June 3, 2019
Meghann Myers | Military Times
The days of having to keep a tidy copy of your discharge paperwork to prove you were in the service could be coming to an end. The Defense Department is working on creating a fully electronic version of the seminal DD 214 document, which would give veterans access to all of their information and cut down on the privacy concerns raised by the current form.
The goal is to bring the new forms online by 2024 at the latest.
There could also be major changes to the information included on the form, as well as to the way its gathered, if DoD follows the recommendations of a recent Rand Corporation study on the effort.
“In some cases, data inaccuracies occur when service members fill out DD Form 214 by hand, a problem which auto-populating data will help correct," according to the report. “However, some interviewees are worried that auto-populated information will not be further verified.”
In interviews with almost 100 stakeholders, including veterans, VA staff, DoD staff and more, many voiced concern about how difficult it is to make sure a DD 214 is correct, and the added difficulty of changing one.
“This effort is all about making something better,” Patricia Mulcahey, the department’s director of officer and enlisted personnel management, told Military Times on Thursday.
By better, she means taking on the first big revamp of the military’s official discharge document since they were first issued in 1950. Legally, Mulcahey said, DoD is obligated to give each separating service member a piece of paper that explains they are leaving active service, the reason for separation and the characterization of the discharge.
However, because the DD 214 has become a touchstone in proving one’s service record, it ballooned to include not only key information like years of service, career field and rank, but awards, education, deployments and units of assignment.
The form itself is an amalgamation of more than 30 bits of information, all pulled from a variety of personnel records, transcripts and other documents that originate from multiple offices and have to be condensed into databases from each service’s human resources directorate and then hand filled-in ― and in many cases, corrected ― on a submission for a DD 214.
In 2015, when the department was about a decade into its ongoing efforts to digitize as many paper processes as possible, DoD began sending electronic service information to the Veterans Affairs Department and the Labor Department ― two key stops on a veteran’s journey back to civilian life, both paying out post-discharge benefits.
But the full gamut of information available was never necessary to send to them, according to an assistant director of officer and enlisted personnel management, so they got a truncated version with all of the need-to-knows, like rank, years of service and so on.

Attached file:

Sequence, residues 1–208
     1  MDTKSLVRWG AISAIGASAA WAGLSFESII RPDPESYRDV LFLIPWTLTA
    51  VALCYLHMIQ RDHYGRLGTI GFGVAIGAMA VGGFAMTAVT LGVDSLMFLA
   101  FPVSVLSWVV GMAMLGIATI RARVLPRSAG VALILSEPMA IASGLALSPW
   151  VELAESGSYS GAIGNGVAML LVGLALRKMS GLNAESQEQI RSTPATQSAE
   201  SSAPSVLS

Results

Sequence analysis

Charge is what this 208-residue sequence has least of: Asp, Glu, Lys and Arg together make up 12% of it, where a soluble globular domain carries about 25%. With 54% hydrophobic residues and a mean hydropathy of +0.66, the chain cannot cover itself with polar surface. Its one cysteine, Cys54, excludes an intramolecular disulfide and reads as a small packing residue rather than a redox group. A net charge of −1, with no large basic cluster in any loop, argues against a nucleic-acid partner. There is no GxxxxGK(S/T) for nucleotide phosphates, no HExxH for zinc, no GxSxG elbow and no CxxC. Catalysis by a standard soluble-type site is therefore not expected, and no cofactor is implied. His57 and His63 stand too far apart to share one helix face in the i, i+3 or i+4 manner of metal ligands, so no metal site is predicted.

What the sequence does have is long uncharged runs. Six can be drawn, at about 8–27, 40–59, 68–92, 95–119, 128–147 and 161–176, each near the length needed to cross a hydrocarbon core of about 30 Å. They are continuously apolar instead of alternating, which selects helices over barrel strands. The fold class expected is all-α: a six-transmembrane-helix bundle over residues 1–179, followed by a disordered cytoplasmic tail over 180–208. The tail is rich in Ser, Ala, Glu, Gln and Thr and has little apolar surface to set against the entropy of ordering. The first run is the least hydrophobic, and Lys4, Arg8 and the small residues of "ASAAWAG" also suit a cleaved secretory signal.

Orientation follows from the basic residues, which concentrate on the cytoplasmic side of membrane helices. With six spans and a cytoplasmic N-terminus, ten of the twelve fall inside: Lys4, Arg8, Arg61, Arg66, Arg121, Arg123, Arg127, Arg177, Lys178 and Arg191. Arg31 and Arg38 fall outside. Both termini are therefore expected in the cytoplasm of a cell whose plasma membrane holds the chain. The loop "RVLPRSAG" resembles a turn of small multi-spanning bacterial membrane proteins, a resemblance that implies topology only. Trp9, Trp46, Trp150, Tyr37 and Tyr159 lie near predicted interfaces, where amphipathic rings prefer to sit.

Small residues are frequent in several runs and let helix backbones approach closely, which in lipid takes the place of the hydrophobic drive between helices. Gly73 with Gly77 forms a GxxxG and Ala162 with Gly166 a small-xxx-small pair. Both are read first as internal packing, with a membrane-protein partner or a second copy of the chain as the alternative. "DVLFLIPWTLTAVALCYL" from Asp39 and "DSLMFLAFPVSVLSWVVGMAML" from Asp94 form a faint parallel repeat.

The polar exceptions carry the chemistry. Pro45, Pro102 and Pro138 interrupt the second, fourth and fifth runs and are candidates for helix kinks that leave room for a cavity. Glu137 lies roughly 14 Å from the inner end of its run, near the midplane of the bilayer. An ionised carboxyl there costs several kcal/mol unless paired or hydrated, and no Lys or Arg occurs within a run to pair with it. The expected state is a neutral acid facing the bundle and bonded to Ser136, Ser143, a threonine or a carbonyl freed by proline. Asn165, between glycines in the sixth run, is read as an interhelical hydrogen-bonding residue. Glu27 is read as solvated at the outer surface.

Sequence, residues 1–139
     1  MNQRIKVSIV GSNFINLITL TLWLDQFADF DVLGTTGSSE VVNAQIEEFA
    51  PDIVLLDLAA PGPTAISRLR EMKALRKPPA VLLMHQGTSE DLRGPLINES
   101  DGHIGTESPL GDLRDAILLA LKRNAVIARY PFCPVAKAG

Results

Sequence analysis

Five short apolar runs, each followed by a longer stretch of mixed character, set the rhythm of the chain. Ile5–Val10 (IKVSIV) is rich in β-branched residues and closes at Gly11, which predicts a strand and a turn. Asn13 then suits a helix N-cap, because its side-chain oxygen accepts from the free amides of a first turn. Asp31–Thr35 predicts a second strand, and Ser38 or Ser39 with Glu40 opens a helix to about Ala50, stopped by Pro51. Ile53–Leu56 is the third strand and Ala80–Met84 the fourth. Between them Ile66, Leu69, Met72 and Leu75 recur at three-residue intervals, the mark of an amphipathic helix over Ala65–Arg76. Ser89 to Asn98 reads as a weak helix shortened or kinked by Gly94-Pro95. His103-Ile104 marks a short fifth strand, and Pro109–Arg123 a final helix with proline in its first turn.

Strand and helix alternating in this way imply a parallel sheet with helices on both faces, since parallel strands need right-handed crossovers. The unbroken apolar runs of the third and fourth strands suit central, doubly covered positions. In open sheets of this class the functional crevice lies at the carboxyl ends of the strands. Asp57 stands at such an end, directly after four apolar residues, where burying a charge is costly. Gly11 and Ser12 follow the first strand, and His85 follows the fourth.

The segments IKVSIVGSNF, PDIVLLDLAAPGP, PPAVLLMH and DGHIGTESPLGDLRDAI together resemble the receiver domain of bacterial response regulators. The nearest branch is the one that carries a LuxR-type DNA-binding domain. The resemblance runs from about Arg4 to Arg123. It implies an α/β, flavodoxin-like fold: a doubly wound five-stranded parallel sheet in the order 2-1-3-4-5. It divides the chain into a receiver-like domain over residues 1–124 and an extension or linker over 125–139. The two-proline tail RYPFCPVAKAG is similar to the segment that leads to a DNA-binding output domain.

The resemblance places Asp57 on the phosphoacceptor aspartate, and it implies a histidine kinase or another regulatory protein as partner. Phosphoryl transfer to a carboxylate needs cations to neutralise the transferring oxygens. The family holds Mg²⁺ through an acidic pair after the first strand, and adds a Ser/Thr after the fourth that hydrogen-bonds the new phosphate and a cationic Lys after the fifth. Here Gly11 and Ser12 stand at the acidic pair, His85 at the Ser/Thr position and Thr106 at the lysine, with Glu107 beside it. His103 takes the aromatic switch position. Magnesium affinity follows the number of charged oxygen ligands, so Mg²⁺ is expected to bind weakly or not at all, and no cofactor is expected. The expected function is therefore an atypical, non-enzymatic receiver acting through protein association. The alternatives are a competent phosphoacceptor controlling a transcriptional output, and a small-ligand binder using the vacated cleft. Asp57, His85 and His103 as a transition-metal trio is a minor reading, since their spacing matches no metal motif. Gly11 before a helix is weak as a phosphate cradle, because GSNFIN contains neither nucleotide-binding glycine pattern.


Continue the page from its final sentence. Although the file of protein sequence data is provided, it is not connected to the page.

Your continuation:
“If VA has everything that they need on you to adjudicate your benefits, then what do you really need to be bringing them on a piece of paper?” Kent Bauer said.
Perhaps, he added, a hard copy “certificate of release or discharge” could be an abbreviated version, with just the information a veteran would need to prove past service, rather than a detailed history of it.
“Ultimately, I’d love to have this down to something that is really useful and succinct for the member,” Bauer said.
But at the same time, that complete list of information could be online, where a veteran could log in to view and it send or download it if there were ever questions about past assignments, deployments or awards.
There are privacy concerns about having all of that data in a centralized location online, just as there are about having hard copy forms floating around.
“We want to understand what the impacts would be, with information that we have and the ability to dispense it electronically, against the requirement to give people this release certificate and to protect their privacy,” Mulcahey said.
The new DD 214 process could only apply to service members who are not yet separated. Current veterans will keep their existing documentation.
So in 2017, DoD asked Rand to study the idea, and they published their results in May.
One of their top findings, according to the report, is that DoD needs new policies and data management processes to make sure the information on a DD 214 is complete and accurate.
“Policies are also needed to determine who can change inaccurate data,” the report added. “Interviewees reported that the [Defense Manpower Data Center] will often change DD Form 214 data without relaying those changes back to the services, which has created problems with veterans seeking certain benefits. A policy that requires all data changes to be made at the service level could improve data accuracy.”
Overall, RAND recommended using that feedback to modify the form and update how it’s compiled, while also creating detailed training on the new products, with a phased approach to implementation.
The next step, Mulcahey said, is taking those recommendations and running with them.
The department is looking at about three to five years to get the new DD 214 fully online, Bauer said, which dovetails with the services’ individual efforts to create integrated pay and personnel systems, where something like this form could be accessed in the future.